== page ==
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LEAN MANUFACTURING IN APPAREL INDUSTRY

INTRODUCTION :

Below are the few steps which are required to implement lean manufacturing    
-Identifying

the fact that there are wastes to be removed. -Analysing the wastes and finding the root causes for these wastes. -Finding the solution for these root causes. -Application of these solutions and achieving the objective.

HISTORY OF LEAN MANUFACTURING:

  

Specify the value required by the customer. Identify the Value Stream for each product. Make the product flow continuously through the remaining value-added steps.

Perfection THE TRADITIONAL PRODUCTION VS LEAN MANUFACTURING. let customers pull value from the next upstream activity. Flow 4. Traditional Manufacturing . Introduce a ‘pull system’ where possible THE BASIC LEAN MANUFACTURING PRINCIPLES: 1. 5. 2. Value Specify value from the standpoint of the end customer by product family. Value stream mapping 3. Pull As flow is introduced.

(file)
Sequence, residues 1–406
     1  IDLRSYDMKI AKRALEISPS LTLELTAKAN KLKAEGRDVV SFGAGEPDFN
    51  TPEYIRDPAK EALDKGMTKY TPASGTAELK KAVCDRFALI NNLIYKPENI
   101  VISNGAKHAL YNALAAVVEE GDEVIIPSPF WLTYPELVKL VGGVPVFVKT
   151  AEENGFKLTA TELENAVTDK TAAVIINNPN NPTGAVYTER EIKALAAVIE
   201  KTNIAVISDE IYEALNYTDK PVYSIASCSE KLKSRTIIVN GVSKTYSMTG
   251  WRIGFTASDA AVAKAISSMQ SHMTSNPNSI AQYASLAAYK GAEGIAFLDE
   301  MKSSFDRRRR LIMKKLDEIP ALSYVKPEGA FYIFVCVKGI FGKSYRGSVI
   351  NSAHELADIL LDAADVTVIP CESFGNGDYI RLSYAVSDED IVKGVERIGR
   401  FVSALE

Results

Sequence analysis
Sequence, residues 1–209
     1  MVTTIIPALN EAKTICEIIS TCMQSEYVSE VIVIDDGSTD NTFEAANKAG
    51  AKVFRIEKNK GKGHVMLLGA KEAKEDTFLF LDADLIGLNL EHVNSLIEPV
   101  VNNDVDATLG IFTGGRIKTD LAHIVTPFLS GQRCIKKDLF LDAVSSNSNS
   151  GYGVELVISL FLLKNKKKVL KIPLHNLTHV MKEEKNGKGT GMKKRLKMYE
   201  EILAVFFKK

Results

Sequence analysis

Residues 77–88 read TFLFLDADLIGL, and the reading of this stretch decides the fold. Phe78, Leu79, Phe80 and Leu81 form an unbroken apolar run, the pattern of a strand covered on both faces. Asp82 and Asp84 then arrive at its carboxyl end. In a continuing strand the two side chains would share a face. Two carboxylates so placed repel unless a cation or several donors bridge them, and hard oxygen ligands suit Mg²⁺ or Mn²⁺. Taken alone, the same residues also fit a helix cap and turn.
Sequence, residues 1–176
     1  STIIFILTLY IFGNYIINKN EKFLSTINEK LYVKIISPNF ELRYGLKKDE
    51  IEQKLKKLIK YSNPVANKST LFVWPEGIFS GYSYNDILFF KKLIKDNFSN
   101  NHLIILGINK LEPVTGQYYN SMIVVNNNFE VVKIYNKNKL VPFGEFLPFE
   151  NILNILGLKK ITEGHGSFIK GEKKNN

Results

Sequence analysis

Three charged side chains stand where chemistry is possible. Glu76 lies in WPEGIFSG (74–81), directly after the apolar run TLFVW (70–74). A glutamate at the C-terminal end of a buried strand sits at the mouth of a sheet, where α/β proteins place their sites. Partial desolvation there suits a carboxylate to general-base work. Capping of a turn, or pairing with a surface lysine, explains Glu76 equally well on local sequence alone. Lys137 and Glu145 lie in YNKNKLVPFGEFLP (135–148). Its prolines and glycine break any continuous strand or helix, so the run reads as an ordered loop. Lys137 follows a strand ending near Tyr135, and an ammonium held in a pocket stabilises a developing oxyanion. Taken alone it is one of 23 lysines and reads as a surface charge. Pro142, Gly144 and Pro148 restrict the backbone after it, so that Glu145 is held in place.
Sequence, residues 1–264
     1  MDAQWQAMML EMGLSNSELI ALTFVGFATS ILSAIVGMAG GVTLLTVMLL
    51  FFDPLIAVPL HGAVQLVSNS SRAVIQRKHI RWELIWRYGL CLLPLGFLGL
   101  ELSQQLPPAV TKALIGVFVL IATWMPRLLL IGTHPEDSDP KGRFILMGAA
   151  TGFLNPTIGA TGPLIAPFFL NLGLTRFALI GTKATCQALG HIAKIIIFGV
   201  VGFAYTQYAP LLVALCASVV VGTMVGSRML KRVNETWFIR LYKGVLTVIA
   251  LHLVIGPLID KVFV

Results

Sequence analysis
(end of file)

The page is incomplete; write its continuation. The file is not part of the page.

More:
It is a calculated number. It is determined by dividing the available production time by the rate of customer demand. no Interruptions because of inventory scrap or yield issues.Lean Manufacturing THE LEAN PRODUCTION GOALS: The principal goal of lean manufacturing is to create a continuous flow of Product from raw material to finished goods and on to the customer – no stoppages. ones that a typical lean practitioner must be proficient it and capable of applying: · Value Stream Mapping · Takt Time · EPEI · Leveling (Heijunka) · Pull Systems · Setup Reduction · Pokayoke (Mistake Proofing) · 5S · Seven QC Tools · JIT · Kanban Value Stream Mapping Value stream mapping is the identification of all the specific activities (material and information flow) as well as the resulting lead times occurring along the value stream for a particular product or product family. . no delays. "maximizing value (give the customer what they exactly need)” “Minimizing waste (eliminate anything not needed for delivering value)” “Pursuing perfection” LEAN MANUFACTURING TOOLS & TECHNIQUES: Here are some of the most important tools of lean. usually represented pictorially in a value stream map. downtime or the other problems that occur in a typical manufacturing operation. Takt Time Takt time is the rate at which product must be turned out to satisfy market demand.